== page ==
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3

"If the new bundle was affordable at old prices, and the new and old bundles aren't equal, then the old bundle must not be affordable at the new prices". In other words, the Weak Axiom of Revealed Preference (WARP) refers to consistent (rational) decision-making. I think the proof is in terms of an 'if then' direct method: The Marshallian demand ...

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Suppose $c_t$ is some composite function of interest rate $r$, e.g. $c_t(G(r_t))$. First the intertemporal elasticity of substitution is actually (IES) given by $\frac{\partial \ln(c_{t+1}/c_{t})}{\partial r}$ (or also $\frac{\partial \ln(c_{t+1}/c_{t})}{\partial \ln( u'(c_{t+1})/u'(c_t))}$). You can take the derivative above using chain rule for composite ...

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As far as I can see this comes just from definitions: As given in MWG definition 1.C.1: The choice structure $(\mathscr{B},C(\cdot))$ satisfies the weak axiom of revealed preference if the following property holds: If for some $B \in \mathscr{B}$ with $x,y \in B$ we have $x\in C(B)$, then for any $B'\in \mathscr{B}$ with $x,y\in B'$ and $y\in C(B')$, we ...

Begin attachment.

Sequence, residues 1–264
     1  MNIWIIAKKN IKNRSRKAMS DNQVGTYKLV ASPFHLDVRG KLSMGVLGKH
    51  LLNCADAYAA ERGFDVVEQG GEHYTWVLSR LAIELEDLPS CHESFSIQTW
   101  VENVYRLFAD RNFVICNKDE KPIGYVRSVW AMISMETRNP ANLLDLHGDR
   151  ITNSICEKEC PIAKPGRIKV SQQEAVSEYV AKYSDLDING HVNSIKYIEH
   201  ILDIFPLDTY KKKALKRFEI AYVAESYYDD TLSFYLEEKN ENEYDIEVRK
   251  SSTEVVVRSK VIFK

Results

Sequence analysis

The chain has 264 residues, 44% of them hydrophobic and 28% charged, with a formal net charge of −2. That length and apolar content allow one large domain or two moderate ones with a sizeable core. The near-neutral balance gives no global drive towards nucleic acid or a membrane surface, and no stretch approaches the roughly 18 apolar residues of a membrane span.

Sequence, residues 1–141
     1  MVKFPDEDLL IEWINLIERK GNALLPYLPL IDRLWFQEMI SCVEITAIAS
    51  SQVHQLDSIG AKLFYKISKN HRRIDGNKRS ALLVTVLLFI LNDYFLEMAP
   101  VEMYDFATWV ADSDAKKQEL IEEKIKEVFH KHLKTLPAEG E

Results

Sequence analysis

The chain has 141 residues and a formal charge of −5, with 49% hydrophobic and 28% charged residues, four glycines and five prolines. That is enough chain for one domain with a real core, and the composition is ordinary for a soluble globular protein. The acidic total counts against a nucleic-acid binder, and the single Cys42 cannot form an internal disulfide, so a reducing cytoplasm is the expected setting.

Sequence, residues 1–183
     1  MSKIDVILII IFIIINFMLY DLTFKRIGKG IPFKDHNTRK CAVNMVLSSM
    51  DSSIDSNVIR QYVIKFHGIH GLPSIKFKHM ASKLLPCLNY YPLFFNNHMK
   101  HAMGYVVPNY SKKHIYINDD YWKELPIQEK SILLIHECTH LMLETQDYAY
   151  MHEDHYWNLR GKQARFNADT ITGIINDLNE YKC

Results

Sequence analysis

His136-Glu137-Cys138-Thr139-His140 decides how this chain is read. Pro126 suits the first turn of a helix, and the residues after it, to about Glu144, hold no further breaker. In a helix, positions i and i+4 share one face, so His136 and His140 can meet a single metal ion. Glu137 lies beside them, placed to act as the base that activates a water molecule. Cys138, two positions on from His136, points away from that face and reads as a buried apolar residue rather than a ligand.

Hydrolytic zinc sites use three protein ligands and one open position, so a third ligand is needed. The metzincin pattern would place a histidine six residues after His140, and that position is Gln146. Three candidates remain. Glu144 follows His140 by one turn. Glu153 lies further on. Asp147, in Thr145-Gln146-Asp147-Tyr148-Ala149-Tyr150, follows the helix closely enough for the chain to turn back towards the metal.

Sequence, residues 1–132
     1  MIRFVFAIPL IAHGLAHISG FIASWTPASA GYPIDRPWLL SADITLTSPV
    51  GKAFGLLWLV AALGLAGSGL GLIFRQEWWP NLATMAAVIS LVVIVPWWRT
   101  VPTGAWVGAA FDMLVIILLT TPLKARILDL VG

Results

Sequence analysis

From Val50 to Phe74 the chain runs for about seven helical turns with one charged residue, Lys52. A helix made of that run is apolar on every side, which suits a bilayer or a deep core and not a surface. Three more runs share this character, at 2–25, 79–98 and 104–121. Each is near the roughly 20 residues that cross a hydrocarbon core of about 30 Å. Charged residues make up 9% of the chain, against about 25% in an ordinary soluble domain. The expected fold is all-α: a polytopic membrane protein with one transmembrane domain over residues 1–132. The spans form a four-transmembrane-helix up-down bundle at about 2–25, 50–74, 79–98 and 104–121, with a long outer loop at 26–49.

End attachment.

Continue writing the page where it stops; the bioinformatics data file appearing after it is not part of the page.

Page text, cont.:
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Just because there might be instances where transitivity is not satisfied does not mean that the entire concept is flawed. The concept of the color blue is not flawed just because things can exist that have a different color. Generally, preferences that are both complete and transitive are called rational, and I believe such preferences make a lot of sense. ...

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The word monotonic means "always moving in the same direction", in our case, always going up. Monotonic preferences mean that the customer always prefers more of a good. This comes in two flavors: Strictly monotonic: More of one good is always preferred to less of that good. Weakly monotonic: More of one good is always equivalent or better than ...

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